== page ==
Research and Evaluation

The aims of the local and national evaluation of HeadStart are to identify whether the programme is making an impact on young people’s resilience and mental wellbeing and to understand which elements of support are associated with the most positive outcomes for children.

 

The Wellbeing Measurement Framework

To support the evaluation, an online survey, the Wellbeing Measurement Framework (WMF), has been developed to ask young people about their general wellbeing, resilience and mental health.

 

How we do this

The survey takes place annually in the spring term for five years with two groups of young people in secondary schools participating in the programme:

  • A ‘longitudinal’ group being followed year-on-year as they progress through secondary school, starting in Year 7
  • A ‘snapshot’ group, which involves administering the survey to each Year 9 group.
  • Students will also be surveyed in 2019 when they are in Year 7.

 

Year 5 and 6 students in participating primary schools can also take part in the survey.

 

Survey findings

Just over 9,200 students took part in the wellbeing school survey in 2019 spring term across the HeadStart Kent schools (Year 7 as a new snapshot year group and Year 9 as part of the longitudinal cohort surveyed every year and the snapshot Year 9 group).  The findings below relate to students who took part from the mainstream and grammar schools.

 

Year 7 and Year 9 students surveyed in 2019

  • Areas of strength were behaviour, goal setting, empathy and support from their peers, the community and their families.

 

  • Younger students had a slightly better appraisal of their wellbeing and reported slightly less difficulties than older students, except for difficulties with their peers.

 

  • Female students reported significantly more emotional difficulties than males and reported they felt less able to cope under stress. Whereas, males reported significantly more attention difficulties.

 

Positives Challenges
Older students eligible for Free School Meals (FSM) felt as supported by adults at school as students who are not eligible for FSM.

 

Older students with Special Educational Needs & Disabilities (SEND) reported they feel significantly more supported by adults at school than those without SEND.  They also reported slightly less emotional difficulties and that they feel more able solve problems and cope with stress than those without.

Older students eligible for FSM reported significantly more difficulties and had a less positive appraisal of their wellbeing.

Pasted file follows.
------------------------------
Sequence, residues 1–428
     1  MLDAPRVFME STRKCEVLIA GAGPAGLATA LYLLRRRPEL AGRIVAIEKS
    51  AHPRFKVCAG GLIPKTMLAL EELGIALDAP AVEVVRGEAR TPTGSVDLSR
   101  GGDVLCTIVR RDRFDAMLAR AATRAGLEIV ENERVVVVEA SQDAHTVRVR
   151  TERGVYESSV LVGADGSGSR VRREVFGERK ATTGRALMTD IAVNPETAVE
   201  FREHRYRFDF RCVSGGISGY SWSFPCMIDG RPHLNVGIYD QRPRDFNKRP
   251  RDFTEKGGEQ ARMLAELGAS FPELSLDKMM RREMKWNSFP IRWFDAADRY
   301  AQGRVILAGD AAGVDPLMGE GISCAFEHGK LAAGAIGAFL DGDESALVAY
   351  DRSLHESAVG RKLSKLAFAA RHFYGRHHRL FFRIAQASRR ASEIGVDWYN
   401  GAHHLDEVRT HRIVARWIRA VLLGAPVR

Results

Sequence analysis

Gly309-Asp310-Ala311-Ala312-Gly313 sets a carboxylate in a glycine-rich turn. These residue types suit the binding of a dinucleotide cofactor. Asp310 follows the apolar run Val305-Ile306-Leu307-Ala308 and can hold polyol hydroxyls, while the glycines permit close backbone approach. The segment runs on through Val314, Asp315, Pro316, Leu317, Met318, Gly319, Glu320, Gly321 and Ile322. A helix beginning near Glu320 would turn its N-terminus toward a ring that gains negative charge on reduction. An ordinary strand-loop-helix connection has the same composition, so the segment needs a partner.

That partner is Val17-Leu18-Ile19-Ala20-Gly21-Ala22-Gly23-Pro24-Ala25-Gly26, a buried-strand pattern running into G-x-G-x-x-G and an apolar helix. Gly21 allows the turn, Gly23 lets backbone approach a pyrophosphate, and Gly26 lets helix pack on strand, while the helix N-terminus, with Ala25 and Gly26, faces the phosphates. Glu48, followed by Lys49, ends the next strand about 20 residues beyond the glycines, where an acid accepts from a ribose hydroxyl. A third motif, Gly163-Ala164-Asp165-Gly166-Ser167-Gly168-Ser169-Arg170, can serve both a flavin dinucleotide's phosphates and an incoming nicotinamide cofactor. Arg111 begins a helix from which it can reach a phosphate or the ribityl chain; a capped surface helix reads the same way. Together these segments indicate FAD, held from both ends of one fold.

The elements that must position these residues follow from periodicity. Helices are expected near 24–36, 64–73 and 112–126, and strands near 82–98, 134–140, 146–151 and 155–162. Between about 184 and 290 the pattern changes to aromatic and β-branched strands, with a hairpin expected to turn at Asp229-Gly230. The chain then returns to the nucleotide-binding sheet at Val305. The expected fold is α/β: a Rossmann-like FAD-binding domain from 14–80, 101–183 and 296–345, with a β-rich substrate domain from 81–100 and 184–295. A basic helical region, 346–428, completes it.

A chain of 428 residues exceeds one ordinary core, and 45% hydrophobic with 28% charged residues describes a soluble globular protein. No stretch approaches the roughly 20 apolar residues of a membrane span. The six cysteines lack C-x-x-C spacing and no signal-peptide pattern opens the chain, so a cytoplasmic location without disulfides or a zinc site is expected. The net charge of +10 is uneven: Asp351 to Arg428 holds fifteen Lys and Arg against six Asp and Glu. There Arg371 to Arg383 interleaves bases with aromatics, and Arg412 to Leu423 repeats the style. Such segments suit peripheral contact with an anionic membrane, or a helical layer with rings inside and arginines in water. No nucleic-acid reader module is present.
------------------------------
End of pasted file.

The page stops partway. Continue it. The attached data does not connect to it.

Longitudinal cohort (the same students surveyed every year from 2017)

 

Positives Challenges
Compared to when they were in Year 7, this year’s Year 9 students reported fewer behavioural and peer difficulties and reported an improvement in their relationships with peers. They reported more emotional and attention difficulties and had a less positive appraisal of their wellbeing.

 

Snapshot Year 9 (the Year 9 students surveyed each year – different students / same age)

 

Positives Challenges
Compared to the 2017 Year 9 students, the 2019 Year 9 students reported less difficulties and had a more positive appraisal of their wellbeing. They reported they feel less supported by adults at school and have less goals or aspirations.

 

Snapshot Year 7 (Year 7 students surveyed in 2017 & 2019 – different students / same age)

 

Positives Challenges
Compared to the 2017 Year 7 students, the 2019 Year 7 students reported less behavioural and attention difficulties and feel more supported by adults at school. They reported more emotional and peer difficulties and had a less positive appraisal of their wellbeing.

 

 

All schools, where more than 10 students took part, received a report summarising the findings.  These were feedback to students in those schools.  Schools are developing their wellbeing and resilience action plans around these findings.

 

Evidence briefings, learning updates and case studies produced by the HeadStart National Learning Team can be found here.

 

Local evaluation

In addition to supporting the national evaluation, the local evaluation aims to answer questions under the five objectives:

 

  1. Understand the level and extent of awareness of HeadStart
  2. Explore and evidence how the programme is being implemented
  3. Evidence the extent to which HeadStart is reaching and engaging with its target population
  4. Describe and measure the effect HeadStart has on young people and their outcomes
  5. Describe whether, and in what ways, HeadStart is facilitating system change in school and community approaches to young people’s mental health.

 

The local evaluation uses systematic and rational approaches to research and analysis, combining data from relevant sources to produce robust and valid reports.

HeadStart evaluations